Creodyne Files Patent Application on Autonomous, Self-Assembling Nanosystem
Creodyne, LLC, announced today filing a US patent application entitled, "Autonomous Self-Assembling DNA Nanodevice for Molecular Interrogation, Detection, Energetics, and Force Measurement" (Application No. 62/120,308). The invention and technology constitute a new paradigm for interrogating interactions between and within molecules.
Ankeny, IA, March 4, 2015 (Newswire.com) - Ankeny, Iowa March 3, 2015. Creodyne, LLC, announced today filing a US patent application entitled, “Autonomous Self-Assembling DNA Nanodevice for Molecular Interrogation, Detection, Energetics, and Force Measurement” (Application No. 62/120,308). The invention and technology constitute a new paradigm for interrogating interactions between and within molecules, a process that is central to drug discovery, diagnostics, and basic biophysical research and development. This provisional application encompasses the core technology of the R&D arm of the Company.
The Company founder, Dr. Eric Henderson, discussed the technology and its utility saying, “Research efforts over the last thirty years have culminated in an understanding of the engineering code embedded in DNA. Thus, DNA not only encodes the essence of life but also contains rules for sculpting virtually any 2D or 3D shape. Using this engineering code we have created a self-assembling nanosystem containing user-addressable actuators, moving parts, and an embedded photonic “light bulb” that tells the user what is going on at the nanoscale. Various control elements within the system exert force and energy fields at specific locations. By controlling these forces we can test interactions between molecules, or even specific parts of molecules, and measure the energetics and forces involved in these interactions. Key to the power of this technology is the malleability of DNA. We can attach virtually any molecular type to the DNA platform, including pathogen biomarkers and putative drug candidates. Since this a system is made out of synthetic DNA it is extraordinarily economical in comparison to laboratory instrumentation used for molecular investigation and analysis such as the atomic force microscope and optical tweezers.”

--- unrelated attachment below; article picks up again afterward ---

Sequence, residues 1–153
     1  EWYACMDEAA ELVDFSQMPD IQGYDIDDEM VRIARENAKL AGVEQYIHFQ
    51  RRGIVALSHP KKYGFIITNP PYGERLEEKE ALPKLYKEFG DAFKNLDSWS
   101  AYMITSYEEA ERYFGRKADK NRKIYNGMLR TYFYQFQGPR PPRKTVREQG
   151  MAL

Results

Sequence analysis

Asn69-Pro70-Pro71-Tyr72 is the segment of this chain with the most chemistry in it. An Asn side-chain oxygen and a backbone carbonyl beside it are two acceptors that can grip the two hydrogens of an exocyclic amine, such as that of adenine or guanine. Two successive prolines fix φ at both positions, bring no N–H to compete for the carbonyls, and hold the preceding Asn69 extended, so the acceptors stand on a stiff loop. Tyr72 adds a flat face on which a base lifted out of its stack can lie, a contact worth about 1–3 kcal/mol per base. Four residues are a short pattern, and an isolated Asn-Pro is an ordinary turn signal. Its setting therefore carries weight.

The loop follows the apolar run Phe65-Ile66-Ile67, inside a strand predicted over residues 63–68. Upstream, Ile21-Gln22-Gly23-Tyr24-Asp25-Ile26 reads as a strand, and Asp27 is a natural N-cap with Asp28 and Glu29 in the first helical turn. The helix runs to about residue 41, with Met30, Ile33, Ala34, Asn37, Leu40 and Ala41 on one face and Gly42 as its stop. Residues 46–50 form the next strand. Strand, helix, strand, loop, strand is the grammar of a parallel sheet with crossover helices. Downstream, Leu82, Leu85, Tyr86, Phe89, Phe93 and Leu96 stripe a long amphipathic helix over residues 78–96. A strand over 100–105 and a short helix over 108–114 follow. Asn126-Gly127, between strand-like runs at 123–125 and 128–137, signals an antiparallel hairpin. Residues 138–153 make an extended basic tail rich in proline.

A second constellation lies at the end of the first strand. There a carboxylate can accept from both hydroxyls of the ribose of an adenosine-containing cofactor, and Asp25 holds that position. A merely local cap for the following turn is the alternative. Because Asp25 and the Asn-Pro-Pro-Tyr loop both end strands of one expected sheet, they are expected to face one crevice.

In describing the R&D and commercialization vision for the nanosystem Henderson said, “As we develop uses of this technology we will initiate a parallel program to develop a smartdevice (tablet, smart phone) field-deployable reader so the technology can be implemented anywhere on the planet with the ability to instantaneously report the results via the existing global telecommunication infrastructure. It is too early to begin the commercialization process but not too early to be thinking about it and tuning our business development strategy as the R&D program progresses.”